The Wallace Collection

The Wallace Collection, A Family Collection, A National Museum, An International Treasure House
Gobelot 'Calabre' et soucoupe of the first size
  • Cup and Saucer
  • Gobelot 'Calabre' et soucoupe of the first size
  • Manufacture de Vincennes
  • Tabary (born 1710), Painter
  • Vincennes, France
  • 1754
  • Soft-paste porcelain, painted and gilded
  • Cup, Height: 7.8 cm
    Saucer, Diameter: 14.4 cm
  • Factory mark: Interlaced Ls In underglaze blue
    Factory mark: Interlaced Ls enclosing 'A' the date letter for 1754 In underglaze blue
    Painter's mark: A diamond for Tabary In overglaze blue
    Inscription: 'hox' or 'roy' In black enamel
  • C360
  • Back State Room
Commentary
History
Images & Media
Further Reading
  • The European cup for drinking tea evolved gradually during the first half of the eighteenth century, adapted from the Chinese porcelain tea bowls in which tea was originally drunk when it became fashionable in Europe at the end of the seventeenth century. By 1752, the Vincennes manufactory was making a wide range of tea wares, many models of the early 1750s remaining in production for the rest of the century.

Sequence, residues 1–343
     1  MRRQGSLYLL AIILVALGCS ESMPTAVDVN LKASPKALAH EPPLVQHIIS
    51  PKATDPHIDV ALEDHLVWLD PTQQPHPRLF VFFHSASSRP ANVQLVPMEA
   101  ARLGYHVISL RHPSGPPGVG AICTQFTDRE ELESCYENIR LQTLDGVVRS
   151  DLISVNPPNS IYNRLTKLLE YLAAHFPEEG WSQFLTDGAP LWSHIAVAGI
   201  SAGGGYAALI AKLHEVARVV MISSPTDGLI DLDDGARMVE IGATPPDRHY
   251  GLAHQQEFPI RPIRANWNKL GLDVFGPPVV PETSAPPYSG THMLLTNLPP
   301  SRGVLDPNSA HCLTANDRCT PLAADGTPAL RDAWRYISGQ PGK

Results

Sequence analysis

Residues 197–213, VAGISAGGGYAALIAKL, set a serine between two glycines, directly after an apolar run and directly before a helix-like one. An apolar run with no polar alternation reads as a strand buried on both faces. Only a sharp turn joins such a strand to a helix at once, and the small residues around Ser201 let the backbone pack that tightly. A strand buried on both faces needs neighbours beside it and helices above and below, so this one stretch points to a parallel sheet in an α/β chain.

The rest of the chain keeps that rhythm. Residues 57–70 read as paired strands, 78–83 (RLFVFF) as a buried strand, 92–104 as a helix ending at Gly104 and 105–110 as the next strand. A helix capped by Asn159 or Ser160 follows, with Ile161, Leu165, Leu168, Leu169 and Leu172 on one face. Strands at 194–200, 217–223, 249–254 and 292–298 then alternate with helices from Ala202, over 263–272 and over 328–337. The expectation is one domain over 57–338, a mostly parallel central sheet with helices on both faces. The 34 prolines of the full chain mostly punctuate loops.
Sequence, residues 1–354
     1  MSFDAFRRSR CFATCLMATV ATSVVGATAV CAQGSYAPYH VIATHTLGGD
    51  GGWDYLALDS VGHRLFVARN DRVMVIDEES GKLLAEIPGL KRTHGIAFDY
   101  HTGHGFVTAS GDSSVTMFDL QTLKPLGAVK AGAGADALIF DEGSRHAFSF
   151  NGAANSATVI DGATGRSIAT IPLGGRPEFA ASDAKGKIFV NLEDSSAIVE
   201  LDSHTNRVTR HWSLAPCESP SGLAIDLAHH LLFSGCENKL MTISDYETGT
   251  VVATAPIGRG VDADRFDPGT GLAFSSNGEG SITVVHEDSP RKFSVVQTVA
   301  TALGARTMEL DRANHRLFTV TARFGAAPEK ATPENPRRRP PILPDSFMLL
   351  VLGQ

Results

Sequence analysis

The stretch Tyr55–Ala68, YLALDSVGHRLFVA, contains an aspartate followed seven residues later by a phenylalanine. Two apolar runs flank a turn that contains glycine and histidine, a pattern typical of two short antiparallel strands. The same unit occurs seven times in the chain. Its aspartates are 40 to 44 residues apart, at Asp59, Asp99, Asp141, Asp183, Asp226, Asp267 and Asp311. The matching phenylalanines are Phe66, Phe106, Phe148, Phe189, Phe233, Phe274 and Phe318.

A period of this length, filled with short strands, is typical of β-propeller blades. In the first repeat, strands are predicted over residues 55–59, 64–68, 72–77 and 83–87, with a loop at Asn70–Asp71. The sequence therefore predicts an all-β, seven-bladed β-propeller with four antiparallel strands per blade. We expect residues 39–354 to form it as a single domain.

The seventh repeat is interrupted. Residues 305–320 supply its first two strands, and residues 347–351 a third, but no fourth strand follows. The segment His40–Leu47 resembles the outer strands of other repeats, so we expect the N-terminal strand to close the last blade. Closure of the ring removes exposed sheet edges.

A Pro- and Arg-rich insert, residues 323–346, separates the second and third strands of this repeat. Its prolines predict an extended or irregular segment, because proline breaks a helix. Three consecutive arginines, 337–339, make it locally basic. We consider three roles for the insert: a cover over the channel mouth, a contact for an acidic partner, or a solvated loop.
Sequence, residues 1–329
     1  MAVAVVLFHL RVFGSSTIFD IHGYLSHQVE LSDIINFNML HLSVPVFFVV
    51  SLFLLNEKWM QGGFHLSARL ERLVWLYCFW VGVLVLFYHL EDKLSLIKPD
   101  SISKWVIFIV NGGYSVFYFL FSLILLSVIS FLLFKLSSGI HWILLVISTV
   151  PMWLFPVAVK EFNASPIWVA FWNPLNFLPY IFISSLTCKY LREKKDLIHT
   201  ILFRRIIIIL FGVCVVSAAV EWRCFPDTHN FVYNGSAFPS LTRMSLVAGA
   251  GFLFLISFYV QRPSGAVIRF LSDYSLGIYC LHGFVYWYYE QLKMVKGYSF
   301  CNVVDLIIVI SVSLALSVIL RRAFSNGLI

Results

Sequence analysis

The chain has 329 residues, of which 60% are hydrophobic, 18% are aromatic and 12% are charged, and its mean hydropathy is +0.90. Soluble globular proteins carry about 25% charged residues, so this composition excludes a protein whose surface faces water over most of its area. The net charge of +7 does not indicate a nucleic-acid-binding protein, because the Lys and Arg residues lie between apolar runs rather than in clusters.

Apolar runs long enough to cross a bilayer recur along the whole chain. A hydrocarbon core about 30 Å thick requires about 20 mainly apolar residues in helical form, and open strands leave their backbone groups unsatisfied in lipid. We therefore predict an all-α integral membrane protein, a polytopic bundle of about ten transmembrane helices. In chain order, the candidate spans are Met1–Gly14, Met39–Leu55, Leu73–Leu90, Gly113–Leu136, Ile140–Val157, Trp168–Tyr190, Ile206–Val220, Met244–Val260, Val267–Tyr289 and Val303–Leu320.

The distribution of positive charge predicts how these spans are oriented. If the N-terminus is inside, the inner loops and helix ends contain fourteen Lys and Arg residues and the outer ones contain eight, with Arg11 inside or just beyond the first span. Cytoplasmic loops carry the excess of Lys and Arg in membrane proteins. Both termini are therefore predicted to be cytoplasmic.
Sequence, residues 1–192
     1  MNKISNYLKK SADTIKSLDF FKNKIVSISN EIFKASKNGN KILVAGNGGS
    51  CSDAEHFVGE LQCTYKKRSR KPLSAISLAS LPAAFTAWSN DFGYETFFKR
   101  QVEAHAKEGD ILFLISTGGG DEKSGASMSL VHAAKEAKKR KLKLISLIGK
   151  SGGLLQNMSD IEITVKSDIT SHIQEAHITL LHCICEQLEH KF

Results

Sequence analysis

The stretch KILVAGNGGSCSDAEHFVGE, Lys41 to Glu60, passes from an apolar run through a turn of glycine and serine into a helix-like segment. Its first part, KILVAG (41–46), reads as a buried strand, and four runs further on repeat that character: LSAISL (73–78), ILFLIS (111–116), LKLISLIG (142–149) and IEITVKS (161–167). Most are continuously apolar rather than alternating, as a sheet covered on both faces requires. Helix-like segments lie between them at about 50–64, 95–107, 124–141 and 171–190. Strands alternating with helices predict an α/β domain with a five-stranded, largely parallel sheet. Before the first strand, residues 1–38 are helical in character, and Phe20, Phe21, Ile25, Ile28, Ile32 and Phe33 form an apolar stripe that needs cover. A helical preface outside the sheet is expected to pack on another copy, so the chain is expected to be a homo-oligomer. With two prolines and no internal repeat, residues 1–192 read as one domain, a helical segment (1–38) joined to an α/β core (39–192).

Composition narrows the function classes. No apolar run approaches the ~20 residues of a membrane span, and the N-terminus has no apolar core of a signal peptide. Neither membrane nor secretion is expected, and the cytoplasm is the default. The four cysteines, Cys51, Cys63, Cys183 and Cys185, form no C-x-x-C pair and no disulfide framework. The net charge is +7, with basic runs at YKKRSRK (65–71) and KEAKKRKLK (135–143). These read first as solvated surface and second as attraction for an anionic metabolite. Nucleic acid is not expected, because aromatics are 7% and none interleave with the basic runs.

The ‘gobelet Calabre’ was introduced in 1752 and is still in production today. Its deep saucer could be used for cooling liquid from the cup, and as a drinking dish.
    These are two of the earliest pieces of Vincennes porcelain in the Wallace Collection. They are decorated with a dark blue 'bleu lapis' ground and painted with birds among flowers and shrubs, framed by elaborate gilded cartouches.

    In June 1754 the dealer Lazare Duvaux sold two cups and saucers of an unspecified model, decorated with a blue ground and birds, to Louis XV.